Employing Surface Plasmon Resonances to Boost Effectiveness of Multiple Exciton Generation in Lead-Based Quantum Dots
Harvesting the sun’s energy at a high efficiency and low cost is a vital step towards replacing fossil fuels. Colloidal quantum dots (QDs) are promising materials that have great potential for solar applications due to their size dependent optical properties and high-absorption cross-sections.1 Lead-chalcogenide QDs can be tuned so that their band gap is close to optimal for light absorber in a single junction solar cell. Moreover, these near IR-absorbing QDs can generate multiple excitons after absorption of a suitably energetic photon, enabling external quantum efficiencies in excess of 100 % EQE for blue and UV light.2 Light harvesting is most efficient for optically thick materials that are physically thin. That way, all incoming light is absorbed, and the resulting excitons and charge carriers do not have far to travel to reach an electrode. In addition, for cells that utilize multiple exciton generation, it is critical that they absorb as much UV and blue light as possible. One way to boost the optical density of QD solar cells is to take advantage of the optical antenna effect of plasmonic metal nanoparticles (NPs). These NPs support surface plasmon resonances that generate very large local electric fields and increase photo-absorption in nearby chromophores. The goal of this work, was to take advantage of this effect to demonstrate increased light absorption in QDs, especially above the energy threshold for multiple exciton generation (MEG). My principal aim has been to unravel the factors that control the coupling between QD excitons and plasmon resonances in Ag NPs by controlling the size and shape of the NPs as well as the interaction distance between NPs and QDs (Figure 1). I observed energy transfer between NPs and QDs using time-resolved and steady state photoluminescence studies, and, ultimately, demonstrated that Ag NPs could effectively increase QD photoabsorption for photons with energies both above and below the MEG threshold. This is a vital step toward enhancing QD solar cells and boosting the importance of MEG in metal-coupled QD systems. This research is important for the development of low cost, high efficiency solar cells in addition to a wide range of optoelectronic applications.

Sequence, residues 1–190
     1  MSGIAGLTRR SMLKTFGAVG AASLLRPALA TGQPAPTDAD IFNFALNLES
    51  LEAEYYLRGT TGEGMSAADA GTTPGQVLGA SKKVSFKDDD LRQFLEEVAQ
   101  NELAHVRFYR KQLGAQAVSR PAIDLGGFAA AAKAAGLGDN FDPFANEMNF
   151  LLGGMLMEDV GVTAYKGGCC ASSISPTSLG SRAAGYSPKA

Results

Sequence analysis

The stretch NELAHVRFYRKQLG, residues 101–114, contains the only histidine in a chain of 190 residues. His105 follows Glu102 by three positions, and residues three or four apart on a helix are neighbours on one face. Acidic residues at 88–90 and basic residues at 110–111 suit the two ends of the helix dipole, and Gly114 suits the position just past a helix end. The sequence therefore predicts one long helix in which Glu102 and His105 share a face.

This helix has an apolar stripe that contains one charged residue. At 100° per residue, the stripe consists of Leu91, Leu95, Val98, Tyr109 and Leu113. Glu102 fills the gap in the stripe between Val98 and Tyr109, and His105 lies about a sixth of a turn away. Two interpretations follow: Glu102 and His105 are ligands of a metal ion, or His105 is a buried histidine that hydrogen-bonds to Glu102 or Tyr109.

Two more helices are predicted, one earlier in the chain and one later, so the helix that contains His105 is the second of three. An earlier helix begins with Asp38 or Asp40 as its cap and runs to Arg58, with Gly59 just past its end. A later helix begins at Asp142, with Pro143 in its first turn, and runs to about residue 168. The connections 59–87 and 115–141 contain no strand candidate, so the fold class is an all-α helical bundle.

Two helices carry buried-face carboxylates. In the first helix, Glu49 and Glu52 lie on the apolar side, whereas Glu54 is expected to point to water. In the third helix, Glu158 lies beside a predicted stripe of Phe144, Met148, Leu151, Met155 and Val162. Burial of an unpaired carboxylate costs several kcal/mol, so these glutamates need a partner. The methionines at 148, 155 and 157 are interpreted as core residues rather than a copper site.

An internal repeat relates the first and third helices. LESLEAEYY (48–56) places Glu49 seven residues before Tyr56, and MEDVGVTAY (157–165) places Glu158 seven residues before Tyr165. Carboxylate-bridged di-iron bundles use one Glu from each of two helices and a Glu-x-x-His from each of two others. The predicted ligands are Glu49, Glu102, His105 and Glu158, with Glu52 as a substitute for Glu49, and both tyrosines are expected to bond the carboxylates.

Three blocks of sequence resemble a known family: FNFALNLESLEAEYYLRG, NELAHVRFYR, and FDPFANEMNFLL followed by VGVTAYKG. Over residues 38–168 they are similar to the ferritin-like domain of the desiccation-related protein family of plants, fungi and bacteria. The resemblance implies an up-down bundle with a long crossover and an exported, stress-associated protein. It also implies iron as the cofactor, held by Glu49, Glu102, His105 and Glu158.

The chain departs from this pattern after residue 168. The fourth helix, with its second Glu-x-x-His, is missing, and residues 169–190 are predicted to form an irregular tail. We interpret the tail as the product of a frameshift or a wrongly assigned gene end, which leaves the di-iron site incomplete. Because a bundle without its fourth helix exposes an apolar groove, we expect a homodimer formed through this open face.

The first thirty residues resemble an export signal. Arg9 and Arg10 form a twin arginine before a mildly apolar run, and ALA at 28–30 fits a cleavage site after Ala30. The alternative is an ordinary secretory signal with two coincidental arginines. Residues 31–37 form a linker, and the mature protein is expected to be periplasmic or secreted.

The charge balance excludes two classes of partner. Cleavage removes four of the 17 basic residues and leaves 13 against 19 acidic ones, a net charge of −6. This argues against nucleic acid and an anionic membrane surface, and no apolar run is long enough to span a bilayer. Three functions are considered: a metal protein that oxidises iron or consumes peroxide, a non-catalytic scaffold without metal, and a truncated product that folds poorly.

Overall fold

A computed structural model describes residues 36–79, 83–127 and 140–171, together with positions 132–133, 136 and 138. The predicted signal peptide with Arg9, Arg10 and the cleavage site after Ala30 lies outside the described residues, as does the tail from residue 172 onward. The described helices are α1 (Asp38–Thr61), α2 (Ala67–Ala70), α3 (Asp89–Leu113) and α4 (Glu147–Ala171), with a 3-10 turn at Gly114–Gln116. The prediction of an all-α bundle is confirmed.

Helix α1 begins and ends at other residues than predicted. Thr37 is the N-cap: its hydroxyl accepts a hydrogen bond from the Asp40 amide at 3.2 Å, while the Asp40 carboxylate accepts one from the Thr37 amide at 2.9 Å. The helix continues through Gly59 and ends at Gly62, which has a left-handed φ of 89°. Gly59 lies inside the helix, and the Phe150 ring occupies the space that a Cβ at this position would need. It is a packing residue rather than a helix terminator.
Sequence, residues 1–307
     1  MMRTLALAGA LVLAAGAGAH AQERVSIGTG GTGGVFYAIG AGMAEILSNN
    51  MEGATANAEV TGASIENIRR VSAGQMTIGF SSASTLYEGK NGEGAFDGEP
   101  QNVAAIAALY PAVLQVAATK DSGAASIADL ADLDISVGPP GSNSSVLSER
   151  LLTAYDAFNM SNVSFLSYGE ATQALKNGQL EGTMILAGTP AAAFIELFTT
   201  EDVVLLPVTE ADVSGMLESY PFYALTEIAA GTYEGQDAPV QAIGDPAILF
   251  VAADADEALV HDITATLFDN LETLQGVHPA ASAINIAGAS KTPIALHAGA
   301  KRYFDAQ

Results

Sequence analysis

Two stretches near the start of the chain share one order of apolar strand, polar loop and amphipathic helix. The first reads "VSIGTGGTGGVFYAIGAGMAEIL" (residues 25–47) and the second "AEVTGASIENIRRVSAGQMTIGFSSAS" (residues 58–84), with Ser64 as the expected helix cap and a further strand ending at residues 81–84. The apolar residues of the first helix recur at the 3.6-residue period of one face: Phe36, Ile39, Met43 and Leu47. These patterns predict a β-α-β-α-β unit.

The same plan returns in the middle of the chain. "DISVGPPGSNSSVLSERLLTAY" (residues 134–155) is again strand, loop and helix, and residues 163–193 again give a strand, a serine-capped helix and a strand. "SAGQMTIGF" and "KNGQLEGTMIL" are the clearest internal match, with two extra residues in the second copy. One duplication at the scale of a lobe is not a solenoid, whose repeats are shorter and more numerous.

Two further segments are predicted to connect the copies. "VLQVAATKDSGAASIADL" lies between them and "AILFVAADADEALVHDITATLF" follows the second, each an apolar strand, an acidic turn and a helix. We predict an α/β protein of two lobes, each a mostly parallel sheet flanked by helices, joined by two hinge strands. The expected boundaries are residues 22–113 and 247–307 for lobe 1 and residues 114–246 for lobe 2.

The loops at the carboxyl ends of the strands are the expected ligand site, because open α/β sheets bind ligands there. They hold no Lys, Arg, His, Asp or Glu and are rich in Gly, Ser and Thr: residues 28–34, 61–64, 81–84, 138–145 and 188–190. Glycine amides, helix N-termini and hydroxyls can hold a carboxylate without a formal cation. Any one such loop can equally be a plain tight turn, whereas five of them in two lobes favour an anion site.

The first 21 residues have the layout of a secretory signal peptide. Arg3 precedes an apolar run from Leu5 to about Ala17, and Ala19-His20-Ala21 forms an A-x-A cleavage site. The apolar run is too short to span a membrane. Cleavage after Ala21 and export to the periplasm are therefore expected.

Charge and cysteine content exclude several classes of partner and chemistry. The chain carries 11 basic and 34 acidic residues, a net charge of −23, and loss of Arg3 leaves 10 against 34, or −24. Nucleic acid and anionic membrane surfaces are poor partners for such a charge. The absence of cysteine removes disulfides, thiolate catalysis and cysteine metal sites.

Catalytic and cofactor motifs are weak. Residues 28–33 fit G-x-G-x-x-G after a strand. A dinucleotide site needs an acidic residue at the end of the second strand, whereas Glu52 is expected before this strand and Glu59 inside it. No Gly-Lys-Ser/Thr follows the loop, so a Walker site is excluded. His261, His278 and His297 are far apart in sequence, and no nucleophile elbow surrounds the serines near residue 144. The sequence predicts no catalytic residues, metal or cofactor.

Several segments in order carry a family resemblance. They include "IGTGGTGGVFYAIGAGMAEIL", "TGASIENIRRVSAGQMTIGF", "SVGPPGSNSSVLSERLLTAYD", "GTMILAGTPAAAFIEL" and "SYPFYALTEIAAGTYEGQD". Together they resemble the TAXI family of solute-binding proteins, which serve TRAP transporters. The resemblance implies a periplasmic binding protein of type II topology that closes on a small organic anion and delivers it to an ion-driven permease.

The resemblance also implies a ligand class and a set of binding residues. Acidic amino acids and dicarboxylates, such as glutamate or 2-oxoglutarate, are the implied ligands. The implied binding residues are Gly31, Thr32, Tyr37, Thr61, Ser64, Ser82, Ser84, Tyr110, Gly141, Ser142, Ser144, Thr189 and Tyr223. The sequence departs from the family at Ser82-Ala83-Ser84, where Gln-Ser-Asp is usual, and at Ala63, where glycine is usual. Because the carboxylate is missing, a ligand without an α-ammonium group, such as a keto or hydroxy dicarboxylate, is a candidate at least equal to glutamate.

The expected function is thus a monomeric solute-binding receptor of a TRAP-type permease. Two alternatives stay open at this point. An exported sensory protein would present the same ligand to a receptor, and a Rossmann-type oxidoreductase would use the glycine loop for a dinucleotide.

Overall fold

Sponsoring Chair: Dr. Thomas Schmedake
Committee: Dr. Christopher Bejger, Dr. Haitao Zhang, Dr. Yuri Nesmelov, Dr. Marcus Jones
Defense Date: Friday, May 10, 2019 at 9:00 AM